US Defense Secretary open to trans people in the military

On Sunday, the new US Defense Secretary, Ashton Carter, made clear his views on allowing transgender people to serve openly in the military. At a town-hall in Afghanistan, Carter was asked his thoughts on transgender people serving in an "austere environment." Carter said he aims to make "service as attractive as possible to our best people in our country…provided they can do what we need them to do for us."  He went on the say that he doesn't think "anything but their suitability for service should preclude them."

Previous Defense Secretary Chuck Hagel had neglected to review the ban, despite making a commitment that he would address it. The policy, DoDI 6130.03, which outlines the medical standards for enlisting and serving in the military, currently prohibits people in need of gender-confirming medical care. Hagel announced he would step down as Secretary of Defense last November.

“Secretary Carter is right – being transgender should not exclude anyone from serving in America’s military,” said Allyson Robinson, former Army captain and SPARTA Director of Policy. “Transgender Americans are serving today with honor and distinction, but must serve in silence and forgo medically necessary care to do so. There is no reason for this to continue. Secretary Carter must lead the way by ordering a top-down, department level review of the regulations.”

"Repealing 'Don't Ask, Don't Tell' did not finish the job of ensuring that all Americans who wish to serve their country in uniform may do so without being forced to lie about who they are," said GLAAD Vice President of Programs Zeke Stokes, who was involved in the fight to repeal the discriminatory law before joining GLAAD last year. "Sadly, transgender service members who are putting their lives on the line every day to keep our country safe are serving in silence. It's time to acknowledge their service, honor their sacrifice, and allow them to serve open and honestly, without fear of losing the job they love simply for being who they are."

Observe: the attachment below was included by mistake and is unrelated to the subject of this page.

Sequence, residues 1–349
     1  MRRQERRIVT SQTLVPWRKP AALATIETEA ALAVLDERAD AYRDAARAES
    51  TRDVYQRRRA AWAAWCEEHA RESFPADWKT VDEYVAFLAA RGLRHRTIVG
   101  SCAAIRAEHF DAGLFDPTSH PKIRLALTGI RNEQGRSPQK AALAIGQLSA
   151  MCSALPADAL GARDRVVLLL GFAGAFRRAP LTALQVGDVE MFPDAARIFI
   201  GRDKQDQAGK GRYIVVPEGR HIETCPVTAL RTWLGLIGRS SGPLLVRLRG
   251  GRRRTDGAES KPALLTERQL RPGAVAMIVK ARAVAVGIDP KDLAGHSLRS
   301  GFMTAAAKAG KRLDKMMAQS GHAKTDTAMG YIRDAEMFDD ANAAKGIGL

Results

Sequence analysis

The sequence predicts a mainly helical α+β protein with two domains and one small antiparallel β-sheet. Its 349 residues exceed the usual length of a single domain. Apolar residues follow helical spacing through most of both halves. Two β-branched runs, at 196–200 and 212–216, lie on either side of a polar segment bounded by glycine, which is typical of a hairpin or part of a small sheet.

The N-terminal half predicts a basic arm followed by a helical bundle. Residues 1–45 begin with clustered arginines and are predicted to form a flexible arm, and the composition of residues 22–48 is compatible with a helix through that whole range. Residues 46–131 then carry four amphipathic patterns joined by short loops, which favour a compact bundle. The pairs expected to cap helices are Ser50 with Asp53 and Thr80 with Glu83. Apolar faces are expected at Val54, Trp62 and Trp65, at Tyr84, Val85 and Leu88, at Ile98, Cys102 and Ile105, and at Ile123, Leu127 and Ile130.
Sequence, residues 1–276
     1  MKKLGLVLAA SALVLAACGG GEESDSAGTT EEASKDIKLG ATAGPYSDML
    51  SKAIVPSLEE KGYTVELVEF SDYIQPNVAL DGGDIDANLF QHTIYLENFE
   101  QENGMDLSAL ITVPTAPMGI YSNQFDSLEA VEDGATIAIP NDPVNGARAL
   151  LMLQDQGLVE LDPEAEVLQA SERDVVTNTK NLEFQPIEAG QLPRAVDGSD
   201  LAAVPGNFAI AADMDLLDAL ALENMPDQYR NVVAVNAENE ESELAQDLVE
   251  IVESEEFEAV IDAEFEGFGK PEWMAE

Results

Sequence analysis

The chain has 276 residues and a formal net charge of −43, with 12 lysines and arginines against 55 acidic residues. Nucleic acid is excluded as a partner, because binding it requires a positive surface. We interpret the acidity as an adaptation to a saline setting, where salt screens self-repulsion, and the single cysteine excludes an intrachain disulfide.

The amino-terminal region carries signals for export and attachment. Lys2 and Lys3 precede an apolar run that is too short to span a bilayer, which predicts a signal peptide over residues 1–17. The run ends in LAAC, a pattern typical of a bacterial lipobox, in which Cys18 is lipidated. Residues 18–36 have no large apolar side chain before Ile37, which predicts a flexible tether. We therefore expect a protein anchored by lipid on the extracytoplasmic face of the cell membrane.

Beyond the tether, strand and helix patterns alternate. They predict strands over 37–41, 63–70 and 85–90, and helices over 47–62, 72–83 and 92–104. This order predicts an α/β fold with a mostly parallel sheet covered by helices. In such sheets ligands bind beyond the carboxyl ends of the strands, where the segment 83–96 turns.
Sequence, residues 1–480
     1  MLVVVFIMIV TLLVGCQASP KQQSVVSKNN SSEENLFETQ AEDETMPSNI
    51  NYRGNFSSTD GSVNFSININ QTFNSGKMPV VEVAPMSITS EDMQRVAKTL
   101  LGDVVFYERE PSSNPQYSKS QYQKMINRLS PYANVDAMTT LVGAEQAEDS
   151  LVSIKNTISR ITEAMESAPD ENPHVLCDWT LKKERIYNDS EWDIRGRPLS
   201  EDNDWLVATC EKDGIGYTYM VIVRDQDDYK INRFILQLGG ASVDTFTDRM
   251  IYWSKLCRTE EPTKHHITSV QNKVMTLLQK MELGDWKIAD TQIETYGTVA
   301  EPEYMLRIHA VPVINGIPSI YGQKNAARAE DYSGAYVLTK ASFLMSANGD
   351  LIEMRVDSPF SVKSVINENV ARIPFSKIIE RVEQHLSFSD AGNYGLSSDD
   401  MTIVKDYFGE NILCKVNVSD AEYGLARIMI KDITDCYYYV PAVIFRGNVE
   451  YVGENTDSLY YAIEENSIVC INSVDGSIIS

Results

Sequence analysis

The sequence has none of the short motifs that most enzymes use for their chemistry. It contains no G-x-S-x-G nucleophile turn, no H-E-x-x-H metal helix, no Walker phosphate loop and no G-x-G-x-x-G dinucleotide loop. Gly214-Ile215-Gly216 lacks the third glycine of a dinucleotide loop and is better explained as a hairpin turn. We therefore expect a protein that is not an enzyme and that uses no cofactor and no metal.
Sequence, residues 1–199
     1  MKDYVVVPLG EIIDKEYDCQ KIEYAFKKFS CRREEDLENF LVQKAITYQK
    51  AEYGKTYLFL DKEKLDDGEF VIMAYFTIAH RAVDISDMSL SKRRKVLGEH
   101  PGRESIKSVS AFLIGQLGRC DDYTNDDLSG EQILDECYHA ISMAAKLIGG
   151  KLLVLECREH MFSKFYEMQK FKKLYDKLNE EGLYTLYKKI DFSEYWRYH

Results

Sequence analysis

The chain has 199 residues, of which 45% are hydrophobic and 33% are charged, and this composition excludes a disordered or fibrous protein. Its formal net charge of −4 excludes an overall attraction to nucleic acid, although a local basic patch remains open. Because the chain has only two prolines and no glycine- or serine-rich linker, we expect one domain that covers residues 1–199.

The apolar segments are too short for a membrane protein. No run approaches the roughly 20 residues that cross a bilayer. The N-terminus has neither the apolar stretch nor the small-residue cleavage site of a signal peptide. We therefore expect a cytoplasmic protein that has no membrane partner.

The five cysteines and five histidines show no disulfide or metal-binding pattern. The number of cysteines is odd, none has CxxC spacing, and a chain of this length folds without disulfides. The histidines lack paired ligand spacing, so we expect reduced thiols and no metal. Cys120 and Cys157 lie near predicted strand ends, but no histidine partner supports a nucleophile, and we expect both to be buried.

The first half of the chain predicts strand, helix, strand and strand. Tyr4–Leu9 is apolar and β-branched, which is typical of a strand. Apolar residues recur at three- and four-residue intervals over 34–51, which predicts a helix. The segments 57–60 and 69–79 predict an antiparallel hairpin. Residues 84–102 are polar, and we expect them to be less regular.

Stokes is also a co-producer on the project, TransMilitary, which documents the military's discriminatory policies on transgender service.

In 2014, two studies were completed, both of which found that permitting transgender people to serve openly would be "neither excessively complex nor burdensome." One of the studies, released by the Palm Center, concluded that "there is no compelling medical rationale for banning transgender military service, and that eliminating the ban would advance a number of military interests, including enabling commanders to better care for their service members."

Eighteen countries around the world allow transgender people to serve openly. A report, released by the Williams Institute, estimates the as many as 15,000 transgender individuals are currently serving on active duty, but are forced to remain closeted, or risk being discharged. The American Military Partner Association (AMPA) issued a call for Carter to act on his word by striking down the ban on transgender service members.